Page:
Adrienne Levknecht is new to the worlds scene, compared to people like Peter, Courtney, even Katie, as this is her second worlds. She was the underdog at NOC last time, where people didn’t expect her to win a medal until they saw her paddle there, and she won the Bronze in the end. At this worlds, she came in as a medalist, and people expect another medal, or certainly know you are a threat for it. She took the top spot in prelims, beating out Emily Jackson who has two golds and a silver in her last three worlds she has competed in. Unfortunately, she flushed right away on her first ride, looking a little nervous. There is no more pressure in a World Championships than your second semi-finals ride, where you are not in the finals yet, and the only way to get in is to have a great ride on your next one. Adrienne dropped into the wave, had to paddle hard to stick it, and then bailed on her first pass, and everyone held their breath as she needed to relax and start throwing her tricks…instead she spun backwards and caught her edge and flushed out the back before throwing a move. It was heartbreaking to watch as this was not a ride and certainly not representative of what she was capable of. When someone, like Adrienne, does that after winning a round, everyone sees and remembers it. For every Adrienne memory like that, there are many more done by paddlers who we didn’t acknowledge, but for them, the feeling is the same. “What the heck just happened? and “Can I just get one more ride to show what I can do?” The finals will not be as strong without Adrienne, but that is true for every finals as there is at least one paddler in each class, that had they made finals, would be a strong threat to the podium.

Emily Ward, from England, but now living on the banks of the Nile River in Uganda, won the semi-final round, also beating out Emily Jackson, who has two seconds so far in the early rounds, showing her consistency, but not yet winning any rounds. This is Emily Ward’s first finals, and her practice on the Nile with her husband Sam (bubble boy in the men’s with an impressive 6th place) is paying off. Hitomi from Japan, last world’s silver medalist, is right where she wants to be, in finals again, and looking strong. Katerina from Russia is also in finals and she was a “sleeper” just barely making the cut into semi-finals, and then just barely making finals, but she is there and now she can relax and just go for it in the final round. Claire Ohara, the reigning World Champion who beat Emily Jackson in the 2011 Worlds, but hasn’t faced her since in the worlds (Emily didn’t make the 2013 team, but they had many showdowns in other events) gets to compete in finals also and the Emily/Claire showdown is something many people are anticipating as Claire has two golds back to back, and Emily had two golds (Junior and then Senior and then a Silver medal) in her career. Who will win this one, is something that I am sure they are wondering, but also many others. Of course, it might be someone else… but nobody can deny that when you have the two most successful women’s freestyle paddlers on the planet in the same finals, one will prevail over the other and all eyes will be on that showdown.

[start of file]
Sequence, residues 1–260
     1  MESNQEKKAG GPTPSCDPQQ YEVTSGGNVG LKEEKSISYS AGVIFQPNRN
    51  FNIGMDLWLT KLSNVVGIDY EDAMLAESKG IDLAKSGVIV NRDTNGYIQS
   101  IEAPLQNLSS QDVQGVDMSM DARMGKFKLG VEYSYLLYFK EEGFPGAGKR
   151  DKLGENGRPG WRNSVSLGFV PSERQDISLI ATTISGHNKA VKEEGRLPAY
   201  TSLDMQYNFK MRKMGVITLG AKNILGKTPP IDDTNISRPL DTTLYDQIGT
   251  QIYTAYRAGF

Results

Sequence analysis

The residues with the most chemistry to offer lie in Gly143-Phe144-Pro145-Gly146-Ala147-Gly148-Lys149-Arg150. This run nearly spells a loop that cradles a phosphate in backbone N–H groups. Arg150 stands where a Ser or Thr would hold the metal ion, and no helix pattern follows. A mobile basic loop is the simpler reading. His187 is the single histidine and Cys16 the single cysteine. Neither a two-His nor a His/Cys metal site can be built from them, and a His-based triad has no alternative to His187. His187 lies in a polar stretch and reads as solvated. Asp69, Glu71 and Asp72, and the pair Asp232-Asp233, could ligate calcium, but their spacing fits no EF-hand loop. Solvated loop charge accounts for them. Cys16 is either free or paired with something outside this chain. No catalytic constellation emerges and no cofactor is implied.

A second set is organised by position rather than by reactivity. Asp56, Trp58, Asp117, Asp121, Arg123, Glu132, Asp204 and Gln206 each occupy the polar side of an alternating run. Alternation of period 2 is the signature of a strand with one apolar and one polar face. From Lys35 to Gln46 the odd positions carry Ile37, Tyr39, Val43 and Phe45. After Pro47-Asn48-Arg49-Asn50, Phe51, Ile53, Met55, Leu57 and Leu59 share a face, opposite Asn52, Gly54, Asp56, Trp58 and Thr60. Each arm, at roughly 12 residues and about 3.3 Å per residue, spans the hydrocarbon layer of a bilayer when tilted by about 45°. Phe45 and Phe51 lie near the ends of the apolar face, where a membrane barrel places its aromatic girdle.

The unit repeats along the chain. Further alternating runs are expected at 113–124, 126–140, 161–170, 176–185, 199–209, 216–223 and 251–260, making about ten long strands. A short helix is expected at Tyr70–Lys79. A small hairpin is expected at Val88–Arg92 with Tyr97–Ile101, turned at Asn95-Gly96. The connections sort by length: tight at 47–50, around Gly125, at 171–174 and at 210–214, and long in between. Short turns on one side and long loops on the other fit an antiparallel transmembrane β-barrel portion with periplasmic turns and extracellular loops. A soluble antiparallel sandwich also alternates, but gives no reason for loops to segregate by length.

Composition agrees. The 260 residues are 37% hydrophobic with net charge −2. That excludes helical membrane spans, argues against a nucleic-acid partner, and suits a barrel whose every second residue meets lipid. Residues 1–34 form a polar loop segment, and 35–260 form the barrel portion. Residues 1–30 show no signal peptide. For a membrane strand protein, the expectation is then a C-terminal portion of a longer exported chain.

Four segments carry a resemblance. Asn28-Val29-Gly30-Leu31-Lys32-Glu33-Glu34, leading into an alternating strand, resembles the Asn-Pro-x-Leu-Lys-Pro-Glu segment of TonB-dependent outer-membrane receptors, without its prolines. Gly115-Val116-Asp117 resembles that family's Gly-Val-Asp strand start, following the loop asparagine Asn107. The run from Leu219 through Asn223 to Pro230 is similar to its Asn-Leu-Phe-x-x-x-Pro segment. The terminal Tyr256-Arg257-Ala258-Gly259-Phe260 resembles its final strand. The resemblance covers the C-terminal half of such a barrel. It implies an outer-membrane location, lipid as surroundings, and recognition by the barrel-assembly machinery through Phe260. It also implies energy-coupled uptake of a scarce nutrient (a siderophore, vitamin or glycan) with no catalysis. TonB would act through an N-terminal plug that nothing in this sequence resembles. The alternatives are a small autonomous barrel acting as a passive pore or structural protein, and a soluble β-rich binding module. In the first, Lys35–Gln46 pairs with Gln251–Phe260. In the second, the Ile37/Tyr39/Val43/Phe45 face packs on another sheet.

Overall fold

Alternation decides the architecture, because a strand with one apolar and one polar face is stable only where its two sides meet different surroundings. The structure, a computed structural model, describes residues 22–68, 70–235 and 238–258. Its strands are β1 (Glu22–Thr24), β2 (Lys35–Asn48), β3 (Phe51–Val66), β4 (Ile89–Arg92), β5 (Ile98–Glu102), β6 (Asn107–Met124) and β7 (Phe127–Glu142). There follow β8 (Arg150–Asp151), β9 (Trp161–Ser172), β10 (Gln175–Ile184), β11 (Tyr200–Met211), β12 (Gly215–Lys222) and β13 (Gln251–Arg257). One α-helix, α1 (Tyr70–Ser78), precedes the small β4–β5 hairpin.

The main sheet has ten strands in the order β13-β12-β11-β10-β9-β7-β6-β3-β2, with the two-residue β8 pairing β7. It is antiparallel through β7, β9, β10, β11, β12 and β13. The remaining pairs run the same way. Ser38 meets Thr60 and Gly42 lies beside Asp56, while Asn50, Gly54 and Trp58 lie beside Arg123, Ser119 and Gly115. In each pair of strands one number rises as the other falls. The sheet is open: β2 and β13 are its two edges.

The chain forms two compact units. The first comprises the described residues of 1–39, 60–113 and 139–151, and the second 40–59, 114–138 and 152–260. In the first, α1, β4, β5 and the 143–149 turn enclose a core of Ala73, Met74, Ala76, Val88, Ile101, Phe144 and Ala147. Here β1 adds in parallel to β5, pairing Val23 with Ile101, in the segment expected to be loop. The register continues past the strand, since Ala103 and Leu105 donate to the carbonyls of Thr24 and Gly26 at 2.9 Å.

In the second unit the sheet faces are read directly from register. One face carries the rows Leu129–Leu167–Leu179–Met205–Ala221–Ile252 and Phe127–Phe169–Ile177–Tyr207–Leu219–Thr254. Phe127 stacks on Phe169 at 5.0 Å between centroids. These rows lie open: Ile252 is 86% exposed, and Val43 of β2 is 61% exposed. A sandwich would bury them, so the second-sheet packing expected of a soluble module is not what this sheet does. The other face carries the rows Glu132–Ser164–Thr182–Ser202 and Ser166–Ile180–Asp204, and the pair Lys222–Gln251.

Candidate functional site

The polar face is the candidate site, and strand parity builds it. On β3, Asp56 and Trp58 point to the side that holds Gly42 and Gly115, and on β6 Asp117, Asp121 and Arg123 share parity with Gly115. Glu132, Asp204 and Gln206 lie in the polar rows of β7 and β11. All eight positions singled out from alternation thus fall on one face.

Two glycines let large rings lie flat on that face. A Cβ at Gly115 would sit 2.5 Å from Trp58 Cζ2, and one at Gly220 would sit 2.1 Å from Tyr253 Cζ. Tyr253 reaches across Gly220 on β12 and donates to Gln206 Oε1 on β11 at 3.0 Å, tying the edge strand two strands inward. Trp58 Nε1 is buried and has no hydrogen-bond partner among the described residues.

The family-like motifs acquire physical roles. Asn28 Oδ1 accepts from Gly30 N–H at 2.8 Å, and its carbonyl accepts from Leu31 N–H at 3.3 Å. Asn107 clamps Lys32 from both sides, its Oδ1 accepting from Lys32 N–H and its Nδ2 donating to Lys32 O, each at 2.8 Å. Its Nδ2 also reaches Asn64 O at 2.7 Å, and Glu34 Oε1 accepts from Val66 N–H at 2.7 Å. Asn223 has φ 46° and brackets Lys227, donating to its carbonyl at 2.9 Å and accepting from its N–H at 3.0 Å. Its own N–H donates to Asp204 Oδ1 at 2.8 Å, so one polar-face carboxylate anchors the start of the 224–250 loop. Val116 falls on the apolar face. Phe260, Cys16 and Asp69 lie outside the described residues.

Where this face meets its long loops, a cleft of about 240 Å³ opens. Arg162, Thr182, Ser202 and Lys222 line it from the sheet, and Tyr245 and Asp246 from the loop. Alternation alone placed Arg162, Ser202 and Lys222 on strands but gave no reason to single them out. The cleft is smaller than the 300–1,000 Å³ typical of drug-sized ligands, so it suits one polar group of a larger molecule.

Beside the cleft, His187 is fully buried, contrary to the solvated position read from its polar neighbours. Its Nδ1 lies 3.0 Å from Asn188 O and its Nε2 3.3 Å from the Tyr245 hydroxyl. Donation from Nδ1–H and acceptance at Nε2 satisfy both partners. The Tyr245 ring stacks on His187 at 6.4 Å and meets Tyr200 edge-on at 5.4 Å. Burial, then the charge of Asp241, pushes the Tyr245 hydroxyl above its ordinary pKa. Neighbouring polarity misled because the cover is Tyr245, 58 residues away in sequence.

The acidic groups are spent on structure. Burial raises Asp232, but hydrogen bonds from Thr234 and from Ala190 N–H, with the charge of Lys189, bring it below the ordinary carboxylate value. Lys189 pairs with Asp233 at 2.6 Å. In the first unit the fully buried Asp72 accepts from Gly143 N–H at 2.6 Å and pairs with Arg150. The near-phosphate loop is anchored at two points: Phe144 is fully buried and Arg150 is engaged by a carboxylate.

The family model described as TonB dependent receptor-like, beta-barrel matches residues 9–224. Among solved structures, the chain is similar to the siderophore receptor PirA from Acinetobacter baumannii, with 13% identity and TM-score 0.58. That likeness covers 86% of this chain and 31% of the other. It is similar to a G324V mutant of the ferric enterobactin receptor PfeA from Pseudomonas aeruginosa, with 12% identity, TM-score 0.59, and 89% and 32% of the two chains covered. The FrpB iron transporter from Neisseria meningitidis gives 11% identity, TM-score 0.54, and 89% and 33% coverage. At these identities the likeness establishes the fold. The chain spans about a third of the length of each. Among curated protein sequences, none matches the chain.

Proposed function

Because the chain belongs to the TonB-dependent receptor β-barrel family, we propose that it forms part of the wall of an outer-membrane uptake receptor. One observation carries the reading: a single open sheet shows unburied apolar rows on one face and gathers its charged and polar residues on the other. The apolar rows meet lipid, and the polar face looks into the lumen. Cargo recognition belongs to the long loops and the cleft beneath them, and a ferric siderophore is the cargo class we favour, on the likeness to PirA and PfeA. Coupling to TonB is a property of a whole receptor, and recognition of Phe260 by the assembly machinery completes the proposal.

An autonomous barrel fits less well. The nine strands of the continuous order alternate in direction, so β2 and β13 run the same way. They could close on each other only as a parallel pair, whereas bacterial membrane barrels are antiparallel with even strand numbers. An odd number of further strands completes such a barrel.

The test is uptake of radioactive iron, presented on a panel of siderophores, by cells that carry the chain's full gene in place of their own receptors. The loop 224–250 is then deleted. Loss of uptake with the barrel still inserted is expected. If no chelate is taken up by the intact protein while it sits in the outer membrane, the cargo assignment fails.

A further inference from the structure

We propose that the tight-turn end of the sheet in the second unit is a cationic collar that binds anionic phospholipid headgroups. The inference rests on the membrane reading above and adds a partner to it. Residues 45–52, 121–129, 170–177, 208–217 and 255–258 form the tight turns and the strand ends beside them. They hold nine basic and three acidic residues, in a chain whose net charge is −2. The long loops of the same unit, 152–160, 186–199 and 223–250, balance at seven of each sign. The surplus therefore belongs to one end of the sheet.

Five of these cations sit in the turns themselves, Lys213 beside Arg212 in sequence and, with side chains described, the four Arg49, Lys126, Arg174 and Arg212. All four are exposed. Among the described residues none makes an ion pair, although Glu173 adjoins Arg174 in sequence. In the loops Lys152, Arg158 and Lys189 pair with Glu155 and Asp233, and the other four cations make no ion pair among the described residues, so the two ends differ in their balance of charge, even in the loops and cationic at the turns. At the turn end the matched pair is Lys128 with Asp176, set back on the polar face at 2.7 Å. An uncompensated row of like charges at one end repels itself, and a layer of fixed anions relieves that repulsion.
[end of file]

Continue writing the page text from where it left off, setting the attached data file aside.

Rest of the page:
In the men’s K1 Class, the quality of the rides in yesterday’s semi-finals was unreal. While the women struggled to put down big scores, and upsets, like Adrienne’s flushes, were common, in the Mens’ class it seemed like they couldn’t fail and it was simply who went off the hardest, biggest, and longest. It was Team JK’s Nick Troutman and Dane Jackson who threw like it was so easy that you just had to go for it. Dane throwing two 1400 point rides in a row and Nick getting a 1500 point first ride. Both of them looked flawless to the untrained eye, but they both left 200 points on the table, and they both know it. Yes, 1700+ points may well happen today if they are feeling it, but that would mean reaching their potential and no mistakes in 45 seconds of a flurry of BIG moves with Huge bonuses. Bren Orton, from England, has a massive first 30 seconds of his ride, but he run out of moves that he is good at before his time is up and he doesn’t have moves that score as much in the last 15 seconds as Dane and Nick. However, he can still throw a 1500 point ride, I believe, if he can keep it going after 30 seconds, which only a handful of paddlers can do on this wave. Mathieu Dumoulin, from France, also has 1700 points worth of moves, but misses a move here and there at a higher percentage than the Nick, Dane, and Bren on the front end of his routine. If he can loosen up, and throw harder/faster with more confidence, his moves will fly and when he hits his groove he really hits his groove and is a threat to the top of the podium. Jaquim Fontane, from Spain, is also an explosive and talented paddler, but he paddles with emotion, and is a hot/cold paddler. Yesterday he was hot and nailed two 1200 point rides in a row. Today, we will see. He is the least consistent paddler in finals based training, but he is seasoned in international competition (winning his first medal in juniors in 2011- second to Dane) he knows that this is a no-holds barred finals and will throw fast and furious. As long as he doesn’t get rattled, he clearly is a threat to the podium as well.

C1 is going to be a showdown as well with Current world champion- Jordan Poffenburger, Dane Jackson, Seth Chapelle, Sebastien Devred, and Zach Zwanenburg all capable paddlers. Dane won both initial rounds, and Zach was second two times. Jordan hasn’t hit his stride yet, but can throw massive rides and I imagine is still the biggest threat to Dane, who seems to be able to win each round so far, but that is without Jordan throwing what he is capable of yet. The young Zach Zwanenburg is one to watch, as he is new to the world’s scene and acts like he has been here forever and paddles super consistently and with lots of gusto. Seth Chapelle and Sebastienne are also paddling with the skills to win on a good ride, so it is going to be a “wait and see’ finals for C1….. the waiting will be over soon!